HOW many humans do we expose before enough is enough?

How many body bags now are enough, for a very long incubating disease that the body bags will for sure mount later, if something is NOT finally done NOW.

the public must know.

Now, i will tell you all how this will be interpreted by our fine federal friends, and their lobbyist et al from corporate America, and Doctors there from, here is how this will still read, rubber stamped ;

''There is no direct evidence that CWD can transmit to humans, and CWD has never been identified in humans anywhere in the world, including in areas where CWD has been present in animal populations for decades.''

this is absurd, and fake news at it's finest.

what is 'direct evidence', if human transmission is not possible?

there is more than enough evidence to make that call now. 

with that, who will finally make that judgement call, knowing that if cwd transmits to humans, it will look like the most common human tse prion i.e. sporadic cjd?

who makes that final call, when, and how many more humans must die before that decision is made and put in the public domain so we can go on with this and try to implement rules and regulations that might finally turn the tide, or do just let corporate science run rampant? 

or, will they continue to run with the infamous UKBSEnvCJD only theory$

with cwd now being documented to transmit macaque, AND TO PIGS orally (lot of human medicine made from pigs), the price of continuing to play TSE Prion Poker with humans goes up drastically.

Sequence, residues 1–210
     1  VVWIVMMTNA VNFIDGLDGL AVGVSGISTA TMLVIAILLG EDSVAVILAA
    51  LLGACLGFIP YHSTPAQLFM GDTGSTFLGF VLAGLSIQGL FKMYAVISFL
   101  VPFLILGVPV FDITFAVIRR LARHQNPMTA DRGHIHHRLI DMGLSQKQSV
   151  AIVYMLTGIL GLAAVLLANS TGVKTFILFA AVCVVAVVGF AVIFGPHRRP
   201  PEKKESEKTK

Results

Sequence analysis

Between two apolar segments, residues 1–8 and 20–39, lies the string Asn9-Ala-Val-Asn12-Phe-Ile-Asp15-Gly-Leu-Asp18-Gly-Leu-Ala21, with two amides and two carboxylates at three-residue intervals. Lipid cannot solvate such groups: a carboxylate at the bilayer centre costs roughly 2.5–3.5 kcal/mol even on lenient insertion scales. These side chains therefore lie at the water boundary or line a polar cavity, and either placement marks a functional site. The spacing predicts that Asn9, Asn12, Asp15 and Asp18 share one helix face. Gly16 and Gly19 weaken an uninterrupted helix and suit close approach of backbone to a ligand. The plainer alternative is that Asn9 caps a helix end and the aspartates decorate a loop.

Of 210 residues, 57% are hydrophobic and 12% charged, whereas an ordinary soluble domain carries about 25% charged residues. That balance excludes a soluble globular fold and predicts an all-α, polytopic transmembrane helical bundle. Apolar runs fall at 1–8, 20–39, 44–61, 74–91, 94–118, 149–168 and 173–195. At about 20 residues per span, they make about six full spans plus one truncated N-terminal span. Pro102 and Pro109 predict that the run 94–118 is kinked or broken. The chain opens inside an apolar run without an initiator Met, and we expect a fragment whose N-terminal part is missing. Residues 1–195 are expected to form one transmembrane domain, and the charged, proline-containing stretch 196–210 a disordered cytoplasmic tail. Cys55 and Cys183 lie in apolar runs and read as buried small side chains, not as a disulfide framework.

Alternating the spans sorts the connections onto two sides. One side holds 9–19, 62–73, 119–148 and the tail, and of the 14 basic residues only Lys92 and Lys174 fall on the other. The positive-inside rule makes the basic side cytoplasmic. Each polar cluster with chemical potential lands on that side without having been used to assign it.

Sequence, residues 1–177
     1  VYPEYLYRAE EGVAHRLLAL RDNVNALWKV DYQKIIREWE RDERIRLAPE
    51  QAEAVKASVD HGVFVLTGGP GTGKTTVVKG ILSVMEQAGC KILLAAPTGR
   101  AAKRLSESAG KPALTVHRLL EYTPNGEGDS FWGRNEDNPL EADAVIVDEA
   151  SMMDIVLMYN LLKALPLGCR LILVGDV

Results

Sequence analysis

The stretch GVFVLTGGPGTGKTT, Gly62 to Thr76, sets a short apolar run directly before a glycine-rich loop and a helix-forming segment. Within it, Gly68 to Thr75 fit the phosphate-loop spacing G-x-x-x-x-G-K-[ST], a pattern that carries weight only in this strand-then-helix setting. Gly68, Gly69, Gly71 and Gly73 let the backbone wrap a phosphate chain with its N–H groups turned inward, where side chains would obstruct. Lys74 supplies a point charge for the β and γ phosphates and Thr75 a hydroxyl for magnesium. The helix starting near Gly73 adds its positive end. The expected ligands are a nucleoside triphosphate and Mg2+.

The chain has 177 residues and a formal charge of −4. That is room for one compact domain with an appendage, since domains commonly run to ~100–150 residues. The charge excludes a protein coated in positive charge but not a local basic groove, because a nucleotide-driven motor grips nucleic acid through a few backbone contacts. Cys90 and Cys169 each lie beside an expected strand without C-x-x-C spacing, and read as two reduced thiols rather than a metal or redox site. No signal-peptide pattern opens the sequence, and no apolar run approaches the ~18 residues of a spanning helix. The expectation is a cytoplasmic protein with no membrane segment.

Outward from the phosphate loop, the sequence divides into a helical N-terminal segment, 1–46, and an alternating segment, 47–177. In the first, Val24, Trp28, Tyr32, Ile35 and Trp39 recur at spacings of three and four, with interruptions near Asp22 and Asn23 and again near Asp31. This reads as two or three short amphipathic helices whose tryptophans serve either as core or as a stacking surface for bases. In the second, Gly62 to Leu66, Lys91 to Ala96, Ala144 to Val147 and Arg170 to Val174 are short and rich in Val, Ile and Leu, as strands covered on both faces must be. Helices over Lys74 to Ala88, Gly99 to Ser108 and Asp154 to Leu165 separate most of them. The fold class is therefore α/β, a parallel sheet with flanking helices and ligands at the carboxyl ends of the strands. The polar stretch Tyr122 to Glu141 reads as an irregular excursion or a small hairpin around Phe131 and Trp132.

This is criminal negligence now, imo...terry

*** Subject: CWD TRANSMITS TO MACAQUE ORALLY MUSCLE INTAKE ***

Notice to Members Regarding Chronic Wasting Disease (CWD)

Posted on: May 31st, 2017 

To: MNA Members From: Métis Nation of Alberta 

Date: Wednesday, May 31, 2017 

*** Métis Nation of Alberta (MNA) was made aware of a recent Canadian research study examining the transmission of Chronic Wasting Disease. The initial results of the study indicate that macaque monkeys (genetically similar to humans) can be infected with Chronic Wasting Disease (CWD) after eating deer that is infected with CWD. CWD is a prion disease, which are fatal, transmissible diseases characterized by abnormal proteins in the brain and nervous system. To date no research has shown that CWD can be passed on to humans, and no human cases of CWD have ever been identified. However, this new research indicates that it is a possibility. The Deputy Chief Medical Officer of Health has reached out to us to share with our Métis harvesters this important information. For more information you can visit:


and


What the Alberta Government knows: 

CWD is present in southeastern Alberta, with the area slowly spreading westward over time (introduced into Alberta from Saskatchewan) – see map for more information at 


CWD circulates in deer populations, particularly mule deer; it has been found in about 4% of deer tested in 2016; Elk can be infected in areas where CWD has been present in deer for a long period of time; Moose can also be infected, but this would be fairly rare. Necessary Precautions for Harvesters: Hunters and others who handle carcasses follow basic handling precautions (available here